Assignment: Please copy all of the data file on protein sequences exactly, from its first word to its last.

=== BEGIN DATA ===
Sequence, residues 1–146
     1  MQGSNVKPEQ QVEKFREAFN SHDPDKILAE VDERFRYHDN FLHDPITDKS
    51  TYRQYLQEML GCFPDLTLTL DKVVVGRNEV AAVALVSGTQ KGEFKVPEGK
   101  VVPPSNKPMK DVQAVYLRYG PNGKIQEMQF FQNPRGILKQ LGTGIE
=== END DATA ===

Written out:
Sequence, residues 1–146
     1  MQGSNVKPEQ QVEKFREAFN SHDPDKILAE VDERFRYHDN FLHDPITDKS
    51  TYRQYLQEML GCFPDLTLTL DKVVVGRNEV AAVALVSGTQ KGEFKVPEGK
   101  VVPPSNKPMK DVQAVYLRYG PNGKIQEMQF FQNPRGILKQ LGTGIE